By Mirjam Boss
On Friday 13th of July a bunch of very excited Ocean Diver trainees and several more experienced club members got down to Plymouth to escape the city and into the sea. It was a training trip and for some of us, like myself, it was to be our first dive in the open water!
After a very comfy drive down to the coast (thanks Bart!) we arrived at the Mountbatten Centre and headed down to the pub to meet the rest of the group who had arrived earlier that day. We got an early night to be ready for the next morning’s dive.
Early on Saturday after a good breakfast and some waiting around for the dive shop to open, we were fully equipped to get onto yellow. First lesson of the day for me personally was to find out just
how hard it is to squeeze into a semi-dry double layer wetsuit. The hopping around to pull up the layers of neoprene was a good warm-up for the day and with the kit I borrowed from the dive club I felt well equipped for my first open water dive. In perfect conditions we headed out to sea for our first dive of the day at Cawsand Bay.
After a bit of struggling to put on the rest of the kit on a wonky and fairly full boat and an extra 8kg weight belt later I finally made it into the sea! (And after I stopped holding my breath out of
excitement and some gentle pulling downwards by my instructor, I also made it below the surface.)
We descended to about 6 meters and started ticking off some of the first skills, trying to get the “work” out of the way early so we would have time for the fun dives! We had some time to explore around the kelp forest and saw a variety of sea fauna and flora. We spotted a small jellyfish, a sea snail, spider crabs and some shoals of small silver fish. Getting back into the boat also turned out to be harder than expected, but, as during the whole weekend, the learning curve was steep and we had a good laugh.
After a short break our group went to do the towing skills off a very, very muddy Mountbatten slipway while the second wave of divers went out to sea.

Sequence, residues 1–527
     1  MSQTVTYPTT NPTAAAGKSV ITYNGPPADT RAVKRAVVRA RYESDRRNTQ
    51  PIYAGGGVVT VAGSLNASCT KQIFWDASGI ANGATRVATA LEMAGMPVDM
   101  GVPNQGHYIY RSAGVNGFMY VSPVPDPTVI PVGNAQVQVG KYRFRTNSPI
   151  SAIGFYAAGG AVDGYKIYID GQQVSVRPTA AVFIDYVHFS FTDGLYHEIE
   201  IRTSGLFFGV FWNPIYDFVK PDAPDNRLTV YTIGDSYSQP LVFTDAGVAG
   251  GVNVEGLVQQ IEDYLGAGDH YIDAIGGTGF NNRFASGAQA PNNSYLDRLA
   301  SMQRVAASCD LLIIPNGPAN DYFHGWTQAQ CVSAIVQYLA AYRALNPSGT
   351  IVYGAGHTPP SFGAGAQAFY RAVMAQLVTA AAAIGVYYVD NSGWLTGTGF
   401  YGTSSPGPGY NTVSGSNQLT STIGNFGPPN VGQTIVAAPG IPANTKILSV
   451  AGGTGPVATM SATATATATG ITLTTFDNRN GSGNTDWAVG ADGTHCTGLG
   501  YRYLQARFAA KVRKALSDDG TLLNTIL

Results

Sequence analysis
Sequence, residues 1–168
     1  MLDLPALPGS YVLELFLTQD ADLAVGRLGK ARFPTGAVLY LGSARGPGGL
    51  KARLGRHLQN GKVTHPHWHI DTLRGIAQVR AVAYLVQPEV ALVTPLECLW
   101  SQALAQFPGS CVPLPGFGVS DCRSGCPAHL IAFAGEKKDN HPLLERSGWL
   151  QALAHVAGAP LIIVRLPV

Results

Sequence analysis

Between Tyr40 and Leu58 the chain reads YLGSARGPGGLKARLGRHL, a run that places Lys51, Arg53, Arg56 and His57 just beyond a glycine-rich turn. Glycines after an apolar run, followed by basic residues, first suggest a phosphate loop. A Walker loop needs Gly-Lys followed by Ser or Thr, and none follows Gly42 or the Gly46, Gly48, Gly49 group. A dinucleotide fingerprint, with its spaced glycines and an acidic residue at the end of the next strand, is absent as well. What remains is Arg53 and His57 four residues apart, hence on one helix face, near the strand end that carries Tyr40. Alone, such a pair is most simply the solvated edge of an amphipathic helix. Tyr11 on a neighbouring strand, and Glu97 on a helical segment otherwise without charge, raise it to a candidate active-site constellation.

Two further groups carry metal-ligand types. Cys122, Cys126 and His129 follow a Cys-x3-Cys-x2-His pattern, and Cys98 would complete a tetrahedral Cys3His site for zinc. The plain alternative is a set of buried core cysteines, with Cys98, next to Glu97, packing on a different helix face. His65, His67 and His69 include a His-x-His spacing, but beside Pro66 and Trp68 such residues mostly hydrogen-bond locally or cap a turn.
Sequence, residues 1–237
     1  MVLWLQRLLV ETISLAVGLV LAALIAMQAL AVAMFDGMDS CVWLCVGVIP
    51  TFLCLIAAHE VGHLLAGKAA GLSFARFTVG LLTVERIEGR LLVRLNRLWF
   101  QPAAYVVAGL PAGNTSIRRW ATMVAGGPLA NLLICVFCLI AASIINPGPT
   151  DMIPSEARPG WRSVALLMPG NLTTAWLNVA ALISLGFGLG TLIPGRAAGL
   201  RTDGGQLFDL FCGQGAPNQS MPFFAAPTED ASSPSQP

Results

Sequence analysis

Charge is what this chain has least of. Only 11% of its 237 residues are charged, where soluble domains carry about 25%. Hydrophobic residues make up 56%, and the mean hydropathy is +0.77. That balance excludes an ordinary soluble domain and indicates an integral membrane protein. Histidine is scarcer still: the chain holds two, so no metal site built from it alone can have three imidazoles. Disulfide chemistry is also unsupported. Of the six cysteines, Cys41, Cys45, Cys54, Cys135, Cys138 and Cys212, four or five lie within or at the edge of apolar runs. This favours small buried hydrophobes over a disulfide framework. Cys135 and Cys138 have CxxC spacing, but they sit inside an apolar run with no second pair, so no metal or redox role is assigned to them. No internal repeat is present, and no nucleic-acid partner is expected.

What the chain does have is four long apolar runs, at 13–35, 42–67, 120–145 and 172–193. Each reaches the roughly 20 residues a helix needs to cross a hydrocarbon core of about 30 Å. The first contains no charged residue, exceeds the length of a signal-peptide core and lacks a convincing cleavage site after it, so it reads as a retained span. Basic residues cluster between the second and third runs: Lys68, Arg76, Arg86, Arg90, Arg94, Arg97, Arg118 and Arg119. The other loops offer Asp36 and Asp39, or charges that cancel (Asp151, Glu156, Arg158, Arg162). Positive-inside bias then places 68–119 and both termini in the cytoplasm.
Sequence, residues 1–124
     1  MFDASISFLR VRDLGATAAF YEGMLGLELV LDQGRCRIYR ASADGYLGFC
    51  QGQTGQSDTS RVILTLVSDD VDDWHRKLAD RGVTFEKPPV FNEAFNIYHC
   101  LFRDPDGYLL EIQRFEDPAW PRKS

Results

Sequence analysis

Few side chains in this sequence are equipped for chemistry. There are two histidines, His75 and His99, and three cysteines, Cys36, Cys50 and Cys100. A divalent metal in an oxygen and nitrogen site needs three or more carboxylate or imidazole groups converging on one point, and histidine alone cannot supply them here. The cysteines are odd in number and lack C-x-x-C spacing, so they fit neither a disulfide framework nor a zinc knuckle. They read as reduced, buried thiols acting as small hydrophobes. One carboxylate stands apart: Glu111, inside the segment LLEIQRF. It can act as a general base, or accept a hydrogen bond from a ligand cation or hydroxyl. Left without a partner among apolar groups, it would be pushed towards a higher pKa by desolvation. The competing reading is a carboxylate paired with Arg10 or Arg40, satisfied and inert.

On the third dive we were back on the boat and heading back out to Cawsand Bay. When we got to the bottom at about 7 meters we were surprised by a fairly strong current and so it turned out to be a drift dive! Luckily, my and my buddy’s buoyancy was quite stable so we could just float along and take a look at the sandy bottom and discovered more spider crabs, a decorator crab as well as some hermit crabs and other sea creatures.
We then ended the day with a few beers at the pub by the sea and a good filling dinner.
On Sunday we headed out early again for the second day of training. We dropped our own shotline at Bovisand Bay and were diving around the kelp forest, ticking off the last of our skills before we had some more time to explore and enjoy the scenery.
The final dive was a wreck dive on the James Egan Layne (JEL) and my personal highlight from the trip! We went down to 20 meters and as we were descending it really felt like entering a completely different world. There was not much light left from the surface and we started diving around the wreck, discovering the shape of the wreck and all sorts of wildlife in the light of our torches. The visibility was not very good and everything felt kind of surreal and eerie but beautiful nonetheless. We saw different fish, jewel anemones, a lot of starfish cluttered around the surface of the wreck and even spotted some squid eggs under a slab of rock. Time went by way too quickly and we had to get back to the surface again to head back to shore.
After getting the boat out of the water, cleaning and giving back our hired kit, we were all soon off again to make our way back to London. Overall the training weekend was an amazing experienceand I enjoyed it very much. Thanks for everybody who came along and made it so much fun and helped us/me get qualified!